I’m a child of the 80s. It was the age of Aqua Net, Z Cavaricci, and Doc Martins — sometimes all on the same day. I wore polka dot dress shirts, crimped my hair, and wore eyeliner (even if it was just once at a nightclub.) Being a kid who was more interested in music and dance clubs, I didn’t exactly win over most of my peers in middle school and high school.
Being considered different in a suburb of Portland, long before it became the hipster paradise we all know it as today, I was called every a slanderous name used against gay men even though I wasn’t gay. Wearing a letterman jacket and a baseball hat was something I never did. I never wore jeans or baseball hat until the 1990s. My heroes weren’t athletes. Instead, my heroes were on MTV’s 120 Minutes or on a Bones Brigade VHS. I wore a lot of black and white and spent a lot of time listening to music and discovering obscure films.
Looking back there were key pivotal moments growing up that took me out of the mainstream. I was a kid that played football, basketball and baseball when kids did that in the neighborhood. Granted we also played a lot of Risk and Dungeons & Dragons too.
My best friend in 7th grade Steve had an older sister who exposed us to a cassette tape of Ministry’s “With Sympathy.” It was unlike anything I had ever heard before. It was 1983 and everything on the radio was from Michael Jackson, Lionel Richie, and Daryl Hall & John Oats. Ministry was early synth-pop new wave, before they became what we later called Industrial music. I wanted to know more of what I was missing. A whole new universe of music opened up. There was nothing-called “Alternative Music” back then. You simply had MTV that mostly played hair bands and Top 40 and the local radio that only played Top 40. The Cure, The Smiths, and Soft Cell were some early discoveries.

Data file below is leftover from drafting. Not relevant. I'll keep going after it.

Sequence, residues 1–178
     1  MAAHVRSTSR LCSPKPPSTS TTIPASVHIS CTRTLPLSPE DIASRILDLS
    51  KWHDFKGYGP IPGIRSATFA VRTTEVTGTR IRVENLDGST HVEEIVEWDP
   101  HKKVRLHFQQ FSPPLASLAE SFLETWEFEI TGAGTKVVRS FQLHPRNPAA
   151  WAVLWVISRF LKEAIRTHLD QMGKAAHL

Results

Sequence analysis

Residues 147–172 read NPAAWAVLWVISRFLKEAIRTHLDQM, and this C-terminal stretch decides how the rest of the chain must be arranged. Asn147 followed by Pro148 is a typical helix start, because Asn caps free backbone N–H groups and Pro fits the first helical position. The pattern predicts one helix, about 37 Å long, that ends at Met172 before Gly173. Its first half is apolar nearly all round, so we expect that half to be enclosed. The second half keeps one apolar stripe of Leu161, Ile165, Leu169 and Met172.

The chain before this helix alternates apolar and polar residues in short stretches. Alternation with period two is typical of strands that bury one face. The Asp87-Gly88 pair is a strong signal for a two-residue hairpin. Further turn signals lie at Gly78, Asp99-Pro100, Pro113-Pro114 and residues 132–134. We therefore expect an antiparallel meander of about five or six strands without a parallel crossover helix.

One day at another friend’s house we watched a film called Suburbia. It was about a roaming bunch of homeless punk rock kids who would get in fights and attend punk shows at night. It was an early intro into punk rock where I found about T.S.O.L., DRI, and The Vandals. I was skateboarding at the time and we all started emulating the kids in the films with their leather jackets and flannel shirts. I recall often tying my shirt around my waist and wearing Jimmy-Z chef-like hats, popping ollies and jumping curbs as we skated through downtown Gresham and Portland.
James, a tall lanky skateboarder who lived close to my house, had a dad that travelled Internationally and would bring home vinyl imports of Misfit albums for his son. I remember listening to Danzig screaming “Angel Fuck” in his Elvis like voice while hanging out at James’ house as we did axel grinds on a quarter pipe ramp in his driveway.
This combination of punk rock and early alternative music had a significant impact in how I dressed and how my attitude was forming. For a while it was all black and white though I would dress it up sometimes with a tie or so shoes that looking back were some really bad decisions.
Later my group of friends in high school would head to downtown Portland teenage dance clubs where we met girls and danced in front of mirrors, okay that last part was pretty stupid. We had a lot of hair and looked nothing like the popular kids at school, which brings me back to raising kids to ignore the hate.
Because I didn’t care about the cultural mores of most of my school, I did what I wanted and dressed, as I wanted. My friends and I all mocked others for being trendy because we wanted separation from the mundane and mainstream, even if we followed our own micro-trendy habits.
Our small circle stood out in the middle class mundaneness of Gresham, Oregon. We looked different. We did different things. We had no desire to be normal or as we saw it – boring. With that came a lot of self-discovery in finding out what art exists outside of the mainstream. All of that later developed into going to art house films, a love for obscure documentaries, listening to a ton of amazing music, and developing a love for fashion and style even if I am now too old to wear any of it.
I want my kids to be free to discover the unusual. Find things that are harder to find. Hear music and watch film that doesn’t sell well, but tells a better more interesting story. While I hope other kids have moved away from calling the individually minded kids at school names, I hope my boys will find their unique way around the world and explore what isn’t so obvious.
And you know what, being called a faggot or queer never bothered me. If that was the hate meant to hurt me, it never worked. I enjoyed being unique and still relish it today.